These children also may tend to feel insecure, and take this insecurity out on over eating. Often times, foster children over eat, and gorge themselves on large amounts of food. Breakfast, lunch, and dinner time may become times where he tries to eat anything placed in front of him. At the same time, anorexia may be a result of his insecurity, too. His self esteem might be quite low, as he denies himself any sense of accomplishment, refusing any praise given to him. Learning disabilities are common in foster children who fall in this age group, and he might have difficulty adjusting to his new classroom environment, as well as to his teachers and fellow students. Your foster child may also have intense bouts of anger and frustration at the situation he is in, and will likely not know how to properly handle his emotions. Defiance, aggression, and destructive behavior may result. Those children who have experienced sexual trauma may also express interest in inappropriate sexual behavior, or become more sexually mature than children their own age.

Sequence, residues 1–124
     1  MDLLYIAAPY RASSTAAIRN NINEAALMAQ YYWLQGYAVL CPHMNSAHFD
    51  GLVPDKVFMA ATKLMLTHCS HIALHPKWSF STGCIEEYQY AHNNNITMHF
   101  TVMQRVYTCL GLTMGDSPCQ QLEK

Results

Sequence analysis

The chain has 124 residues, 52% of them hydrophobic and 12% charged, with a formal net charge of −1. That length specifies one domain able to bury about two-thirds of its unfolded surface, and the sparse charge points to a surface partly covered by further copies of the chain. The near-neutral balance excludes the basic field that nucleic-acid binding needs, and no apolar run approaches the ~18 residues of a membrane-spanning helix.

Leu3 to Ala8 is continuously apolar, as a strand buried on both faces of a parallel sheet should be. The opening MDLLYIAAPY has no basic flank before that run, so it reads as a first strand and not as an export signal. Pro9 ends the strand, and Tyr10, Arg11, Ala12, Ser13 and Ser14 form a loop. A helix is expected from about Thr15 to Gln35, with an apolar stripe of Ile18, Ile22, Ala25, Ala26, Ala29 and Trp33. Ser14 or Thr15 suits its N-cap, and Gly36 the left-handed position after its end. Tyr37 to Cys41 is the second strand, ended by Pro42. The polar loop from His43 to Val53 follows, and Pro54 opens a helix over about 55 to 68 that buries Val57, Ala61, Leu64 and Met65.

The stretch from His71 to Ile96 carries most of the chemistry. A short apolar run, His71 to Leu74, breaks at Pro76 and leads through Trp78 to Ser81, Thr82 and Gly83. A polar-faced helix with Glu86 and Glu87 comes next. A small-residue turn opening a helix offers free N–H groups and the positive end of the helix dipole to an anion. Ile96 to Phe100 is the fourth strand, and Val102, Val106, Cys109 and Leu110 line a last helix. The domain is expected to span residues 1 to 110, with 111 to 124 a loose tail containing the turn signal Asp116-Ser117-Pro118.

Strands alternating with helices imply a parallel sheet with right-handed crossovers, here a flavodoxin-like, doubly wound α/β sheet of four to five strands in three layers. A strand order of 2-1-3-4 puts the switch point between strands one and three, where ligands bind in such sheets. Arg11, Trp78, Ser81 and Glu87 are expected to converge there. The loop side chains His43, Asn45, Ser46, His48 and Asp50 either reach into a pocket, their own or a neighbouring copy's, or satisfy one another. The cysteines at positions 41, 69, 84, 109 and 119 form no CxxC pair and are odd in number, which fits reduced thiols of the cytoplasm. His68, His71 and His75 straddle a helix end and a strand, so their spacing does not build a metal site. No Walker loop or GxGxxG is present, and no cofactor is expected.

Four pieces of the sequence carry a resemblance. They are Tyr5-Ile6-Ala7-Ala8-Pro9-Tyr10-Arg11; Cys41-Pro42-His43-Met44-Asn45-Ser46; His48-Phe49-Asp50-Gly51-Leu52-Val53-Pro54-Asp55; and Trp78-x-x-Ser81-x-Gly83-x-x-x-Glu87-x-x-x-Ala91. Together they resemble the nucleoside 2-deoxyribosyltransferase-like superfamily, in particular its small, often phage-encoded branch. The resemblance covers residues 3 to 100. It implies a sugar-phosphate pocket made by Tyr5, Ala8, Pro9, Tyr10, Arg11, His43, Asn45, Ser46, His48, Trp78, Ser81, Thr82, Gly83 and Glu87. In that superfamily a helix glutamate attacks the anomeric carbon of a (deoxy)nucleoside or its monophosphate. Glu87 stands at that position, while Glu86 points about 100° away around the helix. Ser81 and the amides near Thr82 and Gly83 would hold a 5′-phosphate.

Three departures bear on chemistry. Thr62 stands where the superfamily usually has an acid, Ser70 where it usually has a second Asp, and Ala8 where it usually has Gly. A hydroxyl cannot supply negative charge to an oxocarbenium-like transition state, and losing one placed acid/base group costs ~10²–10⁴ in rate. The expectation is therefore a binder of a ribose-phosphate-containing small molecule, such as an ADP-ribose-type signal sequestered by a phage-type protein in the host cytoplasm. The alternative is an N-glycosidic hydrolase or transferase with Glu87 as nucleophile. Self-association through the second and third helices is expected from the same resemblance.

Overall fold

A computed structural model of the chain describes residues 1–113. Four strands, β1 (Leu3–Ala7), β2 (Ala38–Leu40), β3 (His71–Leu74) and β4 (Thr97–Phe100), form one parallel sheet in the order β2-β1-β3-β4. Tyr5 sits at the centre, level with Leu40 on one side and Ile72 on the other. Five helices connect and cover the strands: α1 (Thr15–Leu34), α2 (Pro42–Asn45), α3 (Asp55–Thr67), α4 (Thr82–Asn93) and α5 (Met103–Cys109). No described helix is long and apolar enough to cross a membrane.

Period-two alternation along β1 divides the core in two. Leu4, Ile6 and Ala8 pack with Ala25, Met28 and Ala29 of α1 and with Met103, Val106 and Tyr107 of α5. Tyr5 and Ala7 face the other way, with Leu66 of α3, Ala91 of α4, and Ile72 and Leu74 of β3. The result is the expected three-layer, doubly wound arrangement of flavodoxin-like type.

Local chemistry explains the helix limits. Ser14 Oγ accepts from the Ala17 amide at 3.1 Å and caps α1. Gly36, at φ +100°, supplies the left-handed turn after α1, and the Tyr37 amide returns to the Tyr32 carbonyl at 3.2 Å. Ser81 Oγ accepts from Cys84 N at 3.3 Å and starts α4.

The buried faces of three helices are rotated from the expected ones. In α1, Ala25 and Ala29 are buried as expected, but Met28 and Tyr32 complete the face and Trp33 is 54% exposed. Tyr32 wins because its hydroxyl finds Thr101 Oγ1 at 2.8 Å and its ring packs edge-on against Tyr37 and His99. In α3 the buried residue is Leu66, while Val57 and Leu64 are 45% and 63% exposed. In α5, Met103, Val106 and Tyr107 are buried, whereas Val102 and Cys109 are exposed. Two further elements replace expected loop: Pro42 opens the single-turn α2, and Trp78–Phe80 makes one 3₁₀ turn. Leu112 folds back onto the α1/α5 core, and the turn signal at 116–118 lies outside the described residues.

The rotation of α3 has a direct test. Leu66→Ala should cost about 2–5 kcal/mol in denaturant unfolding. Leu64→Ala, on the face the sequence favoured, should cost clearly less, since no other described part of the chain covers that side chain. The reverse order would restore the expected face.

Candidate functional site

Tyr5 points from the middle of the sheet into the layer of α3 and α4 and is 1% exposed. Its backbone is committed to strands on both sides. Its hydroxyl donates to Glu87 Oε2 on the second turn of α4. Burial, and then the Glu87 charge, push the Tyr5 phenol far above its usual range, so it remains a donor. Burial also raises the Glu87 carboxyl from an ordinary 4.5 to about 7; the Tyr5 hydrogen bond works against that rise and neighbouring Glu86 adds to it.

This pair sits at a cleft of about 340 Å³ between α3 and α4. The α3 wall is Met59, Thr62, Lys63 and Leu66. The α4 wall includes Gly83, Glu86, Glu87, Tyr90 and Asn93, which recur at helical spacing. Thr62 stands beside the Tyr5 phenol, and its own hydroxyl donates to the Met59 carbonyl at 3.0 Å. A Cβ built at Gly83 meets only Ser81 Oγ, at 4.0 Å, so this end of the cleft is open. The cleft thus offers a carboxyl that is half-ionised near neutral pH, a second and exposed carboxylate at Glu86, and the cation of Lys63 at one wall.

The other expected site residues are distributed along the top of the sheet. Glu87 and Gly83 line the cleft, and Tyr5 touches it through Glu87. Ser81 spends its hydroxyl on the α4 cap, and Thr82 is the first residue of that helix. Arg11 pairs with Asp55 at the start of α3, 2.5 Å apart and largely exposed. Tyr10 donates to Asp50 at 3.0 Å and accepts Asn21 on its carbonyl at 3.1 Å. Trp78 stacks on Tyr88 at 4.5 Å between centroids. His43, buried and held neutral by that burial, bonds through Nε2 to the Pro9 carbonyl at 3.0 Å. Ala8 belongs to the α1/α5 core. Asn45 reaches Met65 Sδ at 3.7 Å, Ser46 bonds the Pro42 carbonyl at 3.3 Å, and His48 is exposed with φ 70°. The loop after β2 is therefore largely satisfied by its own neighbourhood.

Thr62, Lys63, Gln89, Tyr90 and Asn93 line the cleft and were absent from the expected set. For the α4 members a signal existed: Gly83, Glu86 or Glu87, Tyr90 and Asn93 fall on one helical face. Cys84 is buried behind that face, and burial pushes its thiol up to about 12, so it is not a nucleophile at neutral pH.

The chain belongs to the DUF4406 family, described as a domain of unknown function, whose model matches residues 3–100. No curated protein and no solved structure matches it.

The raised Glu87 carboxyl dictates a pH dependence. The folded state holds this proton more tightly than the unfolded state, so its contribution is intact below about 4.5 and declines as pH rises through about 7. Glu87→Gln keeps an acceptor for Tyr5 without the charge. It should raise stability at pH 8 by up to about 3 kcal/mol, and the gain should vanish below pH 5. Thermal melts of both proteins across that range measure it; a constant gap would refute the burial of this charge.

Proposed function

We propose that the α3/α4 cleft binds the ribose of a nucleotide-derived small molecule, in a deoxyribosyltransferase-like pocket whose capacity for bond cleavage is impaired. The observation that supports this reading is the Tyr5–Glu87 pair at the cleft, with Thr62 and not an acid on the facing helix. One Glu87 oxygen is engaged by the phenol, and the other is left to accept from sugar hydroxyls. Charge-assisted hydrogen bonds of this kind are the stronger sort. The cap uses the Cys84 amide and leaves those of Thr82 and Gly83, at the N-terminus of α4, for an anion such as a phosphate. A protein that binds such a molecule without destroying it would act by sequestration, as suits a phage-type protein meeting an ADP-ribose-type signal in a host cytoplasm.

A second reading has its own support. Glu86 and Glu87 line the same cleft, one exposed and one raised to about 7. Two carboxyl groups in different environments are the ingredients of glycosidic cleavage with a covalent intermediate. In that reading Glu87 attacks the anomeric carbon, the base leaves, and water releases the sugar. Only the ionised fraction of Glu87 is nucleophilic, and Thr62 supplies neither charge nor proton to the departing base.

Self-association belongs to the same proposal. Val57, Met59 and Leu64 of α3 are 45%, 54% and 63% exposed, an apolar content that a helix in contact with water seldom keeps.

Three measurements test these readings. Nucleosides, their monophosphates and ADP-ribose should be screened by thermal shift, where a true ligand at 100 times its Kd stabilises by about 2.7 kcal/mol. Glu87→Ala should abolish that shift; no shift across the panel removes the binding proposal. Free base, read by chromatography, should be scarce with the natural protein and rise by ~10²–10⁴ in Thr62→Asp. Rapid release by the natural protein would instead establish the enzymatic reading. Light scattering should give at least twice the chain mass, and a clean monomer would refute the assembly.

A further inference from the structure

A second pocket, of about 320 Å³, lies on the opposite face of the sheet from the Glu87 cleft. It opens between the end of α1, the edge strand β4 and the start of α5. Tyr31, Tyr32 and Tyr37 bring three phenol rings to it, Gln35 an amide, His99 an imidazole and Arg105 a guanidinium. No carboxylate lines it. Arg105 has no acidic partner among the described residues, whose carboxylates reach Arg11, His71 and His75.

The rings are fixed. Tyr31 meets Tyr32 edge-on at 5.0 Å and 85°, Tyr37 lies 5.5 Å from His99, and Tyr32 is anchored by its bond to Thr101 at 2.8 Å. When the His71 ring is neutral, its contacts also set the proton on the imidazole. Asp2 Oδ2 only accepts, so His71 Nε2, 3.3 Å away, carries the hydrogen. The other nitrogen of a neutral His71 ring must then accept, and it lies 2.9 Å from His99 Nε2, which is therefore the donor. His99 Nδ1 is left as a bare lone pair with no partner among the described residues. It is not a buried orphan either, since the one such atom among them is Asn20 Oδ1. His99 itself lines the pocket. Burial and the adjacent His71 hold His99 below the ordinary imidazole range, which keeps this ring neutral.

One of the ways you can help your foster child is to have him meet with a counselor on a regular basis. Talk to his caseworker about setting up regular appointments with a trained youth counselor who can help him understand the feelings he is having. Encourage him to share his feeling with you, the caseworker, and a counselor. Speak to him one on one daily on a personal level. Find out what he is interested in, such as hobbies, sports, and other activities, and find ways in which he can participate, giving him your full support and encouragement. See that he exercises on a regular basis, whether it is through sports or through some fun outdoor activities at your own home. As he probably came from an environment that did not provide for him healthy eating habits, make sure you provide for him a nutritious diet, and encourage him to eat healthy snacks. When his body begins the process of puberty, answer all of his questions, and see that he gets plenty of sleep each night. Find appropriate chores he can do at home, which will give him a sense of responsibility, trust, and a sense of belonging. Help him with his school work, and communicate with his teachers on a regular basis. Encourage him to make new friends at school. After checking with their parents, encourage him to invite them over to your home for friendly visits and supervised play time. Most of all, speak to him in positive terms, build up his self esteem, and give him plenty of love.